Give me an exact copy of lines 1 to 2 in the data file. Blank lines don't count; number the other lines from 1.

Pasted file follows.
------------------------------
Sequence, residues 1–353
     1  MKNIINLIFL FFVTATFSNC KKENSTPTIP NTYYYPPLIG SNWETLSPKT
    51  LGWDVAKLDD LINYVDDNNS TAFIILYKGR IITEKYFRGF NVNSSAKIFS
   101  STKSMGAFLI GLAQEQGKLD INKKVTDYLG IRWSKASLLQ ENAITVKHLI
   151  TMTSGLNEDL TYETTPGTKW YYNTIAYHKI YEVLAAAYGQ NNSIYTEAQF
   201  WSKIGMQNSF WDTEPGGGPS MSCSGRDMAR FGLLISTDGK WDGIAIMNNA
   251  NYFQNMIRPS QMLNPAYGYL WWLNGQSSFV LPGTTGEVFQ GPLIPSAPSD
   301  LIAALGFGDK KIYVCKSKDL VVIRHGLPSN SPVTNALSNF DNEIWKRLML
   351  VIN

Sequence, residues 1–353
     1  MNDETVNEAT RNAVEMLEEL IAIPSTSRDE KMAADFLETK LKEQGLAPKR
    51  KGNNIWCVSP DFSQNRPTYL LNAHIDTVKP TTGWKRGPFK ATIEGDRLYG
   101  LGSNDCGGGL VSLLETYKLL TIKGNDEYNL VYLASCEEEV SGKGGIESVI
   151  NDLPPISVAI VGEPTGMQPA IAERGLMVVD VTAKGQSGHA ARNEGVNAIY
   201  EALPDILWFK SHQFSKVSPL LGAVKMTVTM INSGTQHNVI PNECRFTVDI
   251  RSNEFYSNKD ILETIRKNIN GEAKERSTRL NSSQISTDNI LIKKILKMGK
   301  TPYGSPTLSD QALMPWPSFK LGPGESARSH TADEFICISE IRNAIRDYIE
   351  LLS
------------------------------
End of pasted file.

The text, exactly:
Sequence, residues 1–353
     1  MKNIINLIFL FFVTATFSNC KKENSTPTIP NTYYYPPLIG SNWETLSPKT